A hoard of Anglo-Saxon coins discovered at Kirkby Stephen has been officially declared as treasure by the coroner’s office.
A team of archaeologists from Appleby’s Eden Heritage made an unexpected discovery last year while investigating possible prehistoric remains as part of an archaeological investigation at Kirkby Stephen.
While undertaking a routine metal detector survey in one of the trenches a small hammered coin was recovered.
This was identified as an Anglo-Saxon styca, which was a small coin minted in pre-Viking Northumbria.
Upon further investigation more coins were recovered from the same trench, indicating that they had quite by chance found the location of a coin hoard placed there 1,000 years earlier.
Martin Railton, the lead archaeologist, said that this find had been completely unexpected as they had been engaged by the landowner to investigate possible prehistoric remains associated with a nearby settlement.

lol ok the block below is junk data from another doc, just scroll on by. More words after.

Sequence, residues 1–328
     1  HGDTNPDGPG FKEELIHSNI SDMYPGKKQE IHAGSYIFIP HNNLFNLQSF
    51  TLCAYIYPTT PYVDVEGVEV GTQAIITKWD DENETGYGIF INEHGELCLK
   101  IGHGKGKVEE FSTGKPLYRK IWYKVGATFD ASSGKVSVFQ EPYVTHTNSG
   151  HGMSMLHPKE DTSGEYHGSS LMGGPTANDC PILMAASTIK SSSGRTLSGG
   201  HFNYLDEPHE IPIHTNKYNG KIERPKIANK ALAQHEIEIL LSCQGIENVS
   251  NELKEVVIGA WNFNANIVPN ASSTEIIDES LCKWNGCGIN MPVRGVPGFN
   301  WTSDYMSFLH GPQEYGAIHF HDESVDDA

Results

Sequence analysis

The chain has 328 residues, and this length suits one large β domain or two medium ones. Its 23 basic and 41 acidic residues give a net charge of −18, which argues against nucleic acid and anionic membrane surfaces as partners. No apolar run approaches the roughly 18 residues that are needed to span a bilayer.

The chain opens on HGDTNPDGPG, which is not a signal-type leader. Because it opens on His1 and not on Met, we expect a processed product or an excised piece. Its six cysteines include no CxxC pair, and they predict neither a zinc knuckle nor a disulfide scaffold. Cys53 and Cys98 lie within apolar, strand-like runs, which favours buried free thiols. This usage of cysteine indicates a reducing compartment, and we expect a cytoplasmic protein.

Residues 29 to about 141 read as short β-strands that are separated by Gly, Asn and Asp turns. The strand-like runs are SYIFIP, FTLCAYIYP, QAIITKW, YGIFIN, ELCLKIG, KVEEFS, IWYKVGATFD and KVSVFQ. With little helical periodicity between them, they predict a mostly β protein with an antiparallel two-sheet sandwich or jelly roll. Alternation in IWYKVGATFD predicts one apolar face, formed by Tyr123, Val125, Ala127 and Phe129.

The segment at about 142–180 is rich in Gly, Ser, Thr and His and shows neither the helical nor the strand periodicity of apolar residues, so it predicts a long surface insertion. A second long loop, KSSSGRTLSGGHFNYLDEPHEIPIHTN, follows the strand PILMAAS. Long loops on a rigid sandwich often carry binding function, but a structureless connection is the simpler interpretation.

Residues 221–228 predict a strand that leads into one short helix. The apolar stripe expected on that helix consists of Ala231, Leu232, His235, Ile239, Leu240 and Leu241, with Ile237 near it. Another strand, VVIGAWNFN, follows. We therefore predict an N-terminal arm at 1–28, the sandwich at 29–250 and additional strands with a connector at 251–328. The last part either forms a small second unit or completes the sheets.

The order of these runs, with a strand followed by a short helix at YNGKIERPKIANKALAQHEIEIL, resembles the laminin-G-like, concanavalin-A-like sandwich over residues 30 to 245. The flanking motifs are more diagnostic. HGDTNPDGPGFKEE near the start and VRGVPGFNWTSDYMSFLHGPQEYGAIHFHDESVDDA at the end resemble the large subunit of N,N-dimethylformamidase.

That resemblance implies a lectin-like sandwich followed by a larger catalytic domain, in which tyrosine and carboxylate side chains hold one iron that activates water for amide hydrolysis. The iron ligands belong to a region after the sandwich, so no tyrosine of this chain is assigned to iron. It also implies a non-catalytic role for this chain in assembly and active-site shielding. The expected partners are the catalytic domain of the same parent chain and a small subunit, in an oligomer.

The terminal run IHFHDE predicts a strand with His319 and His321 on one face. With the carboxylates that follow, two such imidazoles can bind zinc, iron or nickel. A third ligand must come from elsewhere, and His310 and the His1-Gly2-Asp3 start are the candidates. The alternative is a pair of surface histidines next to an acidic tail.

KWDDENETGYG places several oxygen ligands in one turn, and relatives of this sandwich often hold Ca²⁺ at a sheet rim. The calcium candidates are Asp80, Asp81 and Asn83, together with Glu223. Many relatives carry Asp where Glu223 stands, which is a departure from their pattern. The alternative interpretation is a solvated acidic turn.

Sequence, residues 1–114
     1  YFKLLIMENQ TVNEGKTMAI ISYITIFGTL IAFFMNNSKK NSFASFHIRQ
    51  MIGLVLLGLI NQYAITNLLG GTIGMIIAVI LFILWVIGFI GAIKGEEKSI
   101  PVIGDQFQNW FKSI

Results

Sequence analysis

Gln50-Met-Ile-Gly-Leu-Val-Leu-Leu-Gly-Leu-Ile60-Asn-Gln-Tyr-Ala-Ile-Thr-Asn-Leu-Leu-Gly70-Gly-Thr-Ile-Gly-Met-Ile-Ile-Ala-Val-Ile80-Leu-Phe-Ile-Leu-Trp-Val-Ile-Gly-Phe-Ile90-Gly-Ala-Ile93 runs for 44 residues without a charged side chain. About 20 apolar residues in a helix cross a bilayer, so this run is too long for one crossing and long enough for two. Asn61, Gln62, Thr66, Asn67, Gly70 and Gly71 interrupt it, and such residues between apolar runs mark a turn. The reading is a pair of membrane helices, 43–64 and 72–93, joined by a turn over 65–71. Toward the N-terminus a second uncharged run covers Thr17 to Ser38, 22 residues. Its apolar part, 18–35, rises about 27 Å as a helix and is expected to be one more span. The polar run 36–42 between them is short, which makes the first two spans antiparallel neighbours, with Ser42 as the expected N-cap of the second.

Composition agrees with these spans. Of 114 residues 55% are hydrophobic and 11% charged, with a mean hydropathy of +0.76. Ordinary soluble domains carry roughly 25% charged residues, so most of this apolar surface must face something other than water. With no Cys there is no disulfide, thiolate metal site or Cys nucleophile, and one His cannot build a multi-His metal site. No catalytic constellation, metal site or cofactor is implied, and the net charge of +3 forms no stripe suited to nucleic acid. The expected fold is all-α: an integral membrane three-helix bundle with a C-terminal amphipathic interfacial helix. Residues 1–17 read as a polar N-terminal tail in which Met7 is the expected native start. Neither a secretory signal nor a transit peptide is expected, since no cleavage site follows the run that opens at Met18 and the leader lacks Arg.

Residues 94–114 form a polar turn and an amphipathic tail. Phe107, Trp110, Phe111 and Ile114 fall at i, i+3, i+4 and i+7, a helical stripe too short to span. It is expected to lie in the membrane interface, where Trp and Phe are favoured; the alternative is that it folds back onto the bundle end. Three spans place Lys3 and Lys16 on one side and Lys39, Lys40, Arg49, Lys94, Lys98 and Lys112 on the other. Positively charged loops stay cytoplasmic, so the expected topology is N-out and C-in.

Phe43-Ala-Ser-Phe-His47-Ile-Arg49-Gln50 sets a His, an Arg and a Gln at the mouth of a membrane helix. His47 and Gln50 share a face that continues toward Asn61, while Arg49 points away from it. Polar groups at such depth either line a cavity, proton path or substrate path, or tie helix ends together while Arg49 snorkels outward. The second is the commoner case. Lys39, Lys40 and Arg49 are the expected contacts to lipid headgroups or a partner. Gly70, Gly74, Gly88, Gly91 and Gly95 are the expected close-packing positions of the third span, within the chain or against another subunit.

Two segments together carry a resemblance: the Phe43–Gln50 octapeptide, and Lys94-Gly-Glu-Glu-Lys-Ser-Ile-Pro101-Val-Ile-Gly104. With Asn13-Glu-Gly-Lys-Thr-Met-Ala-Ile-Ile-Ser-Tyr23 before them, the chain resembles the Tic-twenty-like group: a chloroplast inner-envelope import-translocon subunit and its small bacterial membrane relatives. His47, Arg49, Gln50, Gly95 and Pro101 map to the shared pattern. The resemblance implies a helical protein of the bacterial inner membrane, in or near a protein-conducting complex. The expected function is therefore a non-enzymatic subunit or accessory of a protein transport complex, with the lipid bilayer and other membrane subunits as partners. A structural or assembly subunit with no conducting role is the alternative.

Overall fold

To reveal an Anglo-Saxon hoard was the last thing they were expecting, and this was the first discovery of its kind for the Appleby-based company. Martin also thanked local metal detectorist, Malcolm Ridley, for assisting with the discovery.
In total, 35 hammered coins were recovered in various states of preservation due to erosion.
Several coins bore +EDILRED on the obverse, with a cross in the centre, relating to the Anglo-Saxon Kings of Northumbria, namely AEthelred the Second.
These types of coins remained in circulation until the Viking conquest.
Martin added that why they were buried at the site is unknown, but this was the second Anglo-Saxon hoard to be recovered from near Kirkby Stephen in recent years.
A remarkably similar hoard from Wharton was reported in the Herald earlier this year after being acquired by Penrith and Eden Museum.
Following an inquest at Cockermouth, the find was declared as treasure under the Treasure Act 1966.
An Anglo-Saxon specialist from the British Museum will now study the coins and assign a value before they are offered to a museum, with the reward then going to the landowner.